x Abu Dhabi, UAESaturday 20 January 2018

Returning home to the Emirates is a celebration

An Emirati comes home and pledges to absorb his culture and heritage.

For many, the New Year brings the prospect of a fresh start. A time when someone can transform the changing of a single digit of the Gregorian year into a psychologically motivating and inspiring push to change or advance themselves for the better. Personally, I am making it my mission in 2012 to better understand and connect with the Emirates - something I have yet to attain, despite being a citizen.

My desire to plant my Emirati roots heightened not at the turn of the year, but a month before on December 2. On this auspicious National Day, I enjoyed the privilege of attending the official ceremony celebrating the UAE's 40th birthday at Abu Dhabi Zayed Sports City. This unique event displayed the country's progress and sensationally summarised its dynamic history.

Yet, out of the tens of thousands of jubilant Emiratis attending the proceedings, I was witnessing the show through foreign eyes. Blending into the sea of white kanduras, my traditional dress masked the truth: I am a stranger in my own land.

Having lived the majority of my life and a great deal of my childhood in the West, my primary language and culture are now neither Arabic nor Emirati. In the pursuit of education, my family first journeyed to the US when I was of the tender age of three. English quickly became my dominant language not only outside the house, but also at home, since my parents were practising their English. My culture was also shaped outside the borders of the UAE. Spending formative years abroad meant my ideas of the world were influenced by western friends, schools and society in general. Although I was part of an Emirati family, the more time I spent abroad, the more non-Emirati I became.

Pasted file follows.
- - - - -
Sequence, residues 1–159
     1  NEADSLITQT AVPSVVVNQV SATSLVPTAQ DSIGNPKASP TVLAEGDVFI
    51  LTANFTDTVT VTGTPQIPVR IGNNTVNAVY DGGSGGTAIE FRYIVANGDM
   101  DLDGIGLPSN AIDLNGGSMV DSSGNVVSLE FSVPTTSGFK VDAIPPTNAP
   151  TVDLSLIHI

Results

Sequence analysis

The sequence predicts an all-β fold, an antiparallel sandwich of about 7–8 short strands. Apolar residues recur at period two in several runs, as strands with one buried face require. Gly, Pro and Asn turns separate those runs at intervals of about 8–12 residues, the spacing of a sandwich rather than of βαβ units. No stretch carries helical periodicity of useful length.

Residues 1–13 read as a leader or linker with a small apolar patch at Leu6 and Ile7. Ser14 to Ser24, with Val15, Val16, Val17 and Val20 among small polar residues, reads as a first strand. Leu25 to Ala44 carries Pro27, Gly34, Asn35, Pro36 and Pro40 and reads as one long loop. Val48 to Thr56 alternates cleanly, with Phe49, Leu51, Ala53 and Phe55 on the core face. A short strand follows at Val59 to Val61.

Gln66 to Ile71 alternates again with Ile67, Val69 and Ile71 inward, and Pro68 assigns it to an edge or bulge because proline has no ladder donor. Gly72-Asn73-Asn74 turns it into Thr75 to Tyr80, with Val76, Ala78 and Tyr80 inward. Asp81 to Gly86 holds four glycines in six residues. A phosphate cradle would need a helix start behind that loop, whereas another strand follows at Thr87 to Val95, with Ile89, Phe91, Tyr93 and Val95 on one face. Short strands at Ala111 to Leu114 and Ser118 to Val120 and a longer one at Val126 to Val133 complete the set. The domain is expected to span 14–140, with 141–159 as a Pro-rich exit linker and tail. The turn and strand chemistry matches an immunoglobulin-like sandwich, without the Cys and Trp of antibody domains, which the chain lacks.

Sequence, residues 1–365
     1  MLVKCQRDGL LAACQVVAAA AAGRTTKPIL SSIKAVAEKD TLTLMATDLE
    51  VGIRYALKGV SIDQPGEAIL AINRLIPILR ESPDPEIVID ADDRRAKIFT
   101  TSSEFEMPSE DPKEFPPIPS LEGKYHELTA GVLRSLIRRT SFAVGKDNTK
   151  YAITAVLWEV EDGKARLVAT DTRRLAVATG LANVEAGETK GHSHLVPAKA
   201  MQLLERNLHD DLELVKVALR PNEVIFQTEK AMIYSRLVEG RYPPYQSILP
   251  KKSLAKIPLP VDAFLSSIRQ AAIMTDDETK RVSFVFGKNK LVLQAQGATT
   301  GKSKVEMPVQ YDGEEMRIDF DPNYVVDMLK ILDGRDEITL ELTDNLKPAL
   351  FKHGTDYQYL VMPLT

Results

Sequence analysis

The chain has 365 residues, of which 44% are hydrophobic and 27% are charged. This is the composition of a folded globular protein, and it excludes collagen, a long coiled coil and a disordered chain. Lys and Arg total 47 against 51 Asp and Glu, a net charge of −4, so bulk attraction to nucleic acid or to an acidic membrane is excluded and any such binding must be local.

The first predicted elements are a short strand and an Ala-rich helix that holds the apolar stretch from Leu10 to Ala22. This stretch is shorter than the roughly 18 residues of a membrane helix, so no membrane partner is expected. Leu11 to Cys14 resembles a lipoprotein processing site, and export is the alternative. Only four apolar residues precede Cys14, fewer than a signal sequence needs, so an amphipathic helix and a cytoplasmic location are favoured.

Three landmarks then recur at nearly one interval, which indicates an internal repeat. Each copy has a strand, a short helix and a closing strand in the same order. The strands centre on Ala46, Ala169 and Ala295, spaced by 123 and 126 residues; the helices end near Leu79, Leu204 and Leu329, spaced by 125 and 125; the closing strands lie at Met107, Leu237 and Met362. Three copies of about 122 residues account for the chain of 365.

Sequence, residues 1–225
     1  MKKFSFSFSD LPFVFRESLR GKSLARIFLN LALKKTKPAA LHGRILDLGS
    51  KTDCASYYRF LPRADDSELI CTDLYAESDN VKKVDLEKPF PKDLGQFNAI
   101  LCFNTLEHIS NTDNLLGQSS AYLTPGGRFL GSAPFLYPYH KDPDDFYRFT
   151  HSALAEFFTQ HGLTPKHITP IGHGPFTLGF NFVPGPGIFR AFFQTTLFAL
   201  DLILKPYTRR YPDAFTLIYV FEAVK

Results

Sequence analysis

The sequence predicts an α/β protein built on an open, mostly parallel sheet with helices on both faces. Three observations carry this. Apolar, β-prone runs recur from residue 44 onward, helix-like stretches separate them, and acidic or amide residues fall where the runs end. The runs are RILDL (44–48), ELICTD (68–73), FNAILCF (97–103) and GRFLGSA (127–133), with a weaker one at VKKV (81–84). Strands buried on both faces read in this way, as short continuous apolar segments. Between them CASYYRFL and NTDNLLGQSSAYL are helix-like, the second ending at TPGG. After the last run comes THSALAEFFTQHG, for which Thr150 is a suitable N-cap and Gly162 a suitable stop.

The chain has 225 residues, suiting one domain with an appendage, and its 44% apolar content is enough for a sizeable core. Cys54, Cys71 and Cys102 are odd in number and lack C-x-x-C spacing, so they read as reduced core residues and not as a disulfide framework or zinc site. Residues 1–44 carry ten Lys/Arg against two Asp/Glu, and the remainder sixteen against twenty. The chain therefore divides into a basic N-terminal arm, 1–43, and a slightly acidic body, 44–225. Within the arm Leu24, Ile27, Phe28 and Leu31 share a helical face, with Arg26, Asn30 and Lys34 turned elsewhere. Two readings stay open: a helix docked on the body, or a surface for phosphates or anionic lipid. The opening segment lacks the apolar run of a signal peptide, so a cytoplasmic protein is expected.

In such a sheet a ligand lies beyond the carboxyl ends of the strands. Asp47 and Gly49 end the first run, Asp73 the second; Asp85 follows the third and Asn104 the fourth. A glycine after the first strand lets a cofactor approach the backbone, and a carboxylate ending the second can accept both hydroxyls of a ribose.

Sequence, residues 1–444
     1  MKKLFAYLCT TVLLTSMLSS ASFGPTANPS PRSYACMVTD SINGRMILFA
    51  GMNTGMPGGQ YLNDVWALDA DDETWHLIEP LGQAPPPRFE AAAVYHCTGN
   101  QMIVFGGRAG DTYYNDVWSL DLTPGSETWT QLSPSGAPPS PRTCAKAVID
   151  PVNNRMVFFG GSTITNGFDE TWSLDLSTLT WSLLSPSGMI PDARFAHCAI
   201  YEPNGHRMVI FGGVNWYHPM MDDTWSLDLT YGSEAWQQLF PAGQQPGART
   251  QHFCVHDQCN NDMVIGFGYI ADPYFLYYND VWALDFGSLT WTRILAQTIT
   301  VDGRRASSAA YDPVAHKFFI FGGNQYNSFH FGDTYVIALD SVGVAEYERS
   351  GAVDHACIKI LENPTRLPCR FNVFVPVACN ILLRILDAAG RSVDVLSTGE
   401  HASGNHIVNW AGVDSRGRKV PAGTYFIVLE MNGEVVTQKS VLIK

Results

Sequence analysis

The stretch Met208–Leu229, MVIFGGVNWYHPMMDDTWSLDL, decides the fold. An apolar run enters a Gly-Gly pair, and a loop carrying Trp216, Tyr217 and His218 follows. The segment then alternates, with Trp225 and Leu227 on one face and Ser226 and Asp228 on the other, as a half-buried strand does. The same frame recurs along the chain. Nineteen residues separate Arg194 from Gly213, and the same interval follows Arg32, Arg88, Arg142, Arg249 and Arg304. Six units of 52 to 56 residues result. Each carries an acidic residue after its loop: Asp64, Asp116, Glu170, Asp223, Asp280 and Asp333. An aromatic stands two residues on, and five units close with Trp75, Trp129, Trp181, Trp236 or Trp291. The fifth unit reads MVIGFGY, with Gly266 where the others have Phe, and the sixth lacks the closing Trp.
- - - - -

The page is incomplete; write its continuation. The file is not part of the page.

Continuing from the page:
During my youth, I returned to the Emirates for only brief periods. But even in those years, I did not grasp the Arabic language or the Emirati culture, as I attended private English schools and hardly engaged with local citizens. This continued and contributed to my alienation from the local language and culture.

When it was time to pursue my own higher education, I followed in the footsteps of my parents and headed back to the US, the foreign land of my youth. Although my official immigration status was "foreign student", everything about the country felt familiar. I had a strong connection to the culture, language and people from my childhood - experiences that allowed me to blend in quickly and with ease. As the years passed, my connection with the country solidified and I began to root myself to the US. However, being so far from family, my American foundation had no chance of setting and the calling to reconnect continued to grow louder until it could not be ignored.

After my extended oversees hiatus, I returned, not knowing what to expect of the UAE. What I found was a country transformed. Abu Dhabi's and Dubai's new skylines and infrastructure had converted them into cities I hardly recognised and frequently lost my way in. The country's residents had become more diverse while the Emirates provided the expatriate majority a comfortable home away from home. Government services had been significantly streamlined from when I had last used them. The nation had opened up to the global business and tourism communities, promoting itself as a world-class hub for business and travel. Career and business opportunities, for citizens and expatriates alike, were in much greater supply than the lands I had returned from. The country had taken leaps and bounds in the decade from when I had last seen it.

Since my return, reconnecting with my family has given me a sense of belonging I could not have attained without them. Seeking a better understanding of the history, culture and landscape of the UAE through a "self-Emiratisation" process could only further this feeling of being a part of something greater. I know full well this process will not be a simple one because, as many expatriates can attest, the barriers of a different language, different culture and working your way into the tight-knit minority groups of citizens are hard to overcome. But I intend to take full advantage of my citizenship in establishing a link back to my home country.

As this new year progresses, I hope my comprehension of Emirati identity will also develop throughout 2012. Through my travels and associations throughout the Emirates I hope to build a stronger comprehension of the country and its people and as a result, cement my place within the UAE foundation.


  • Thamer Subaihi is a returning Emirati who grew up largely in the US

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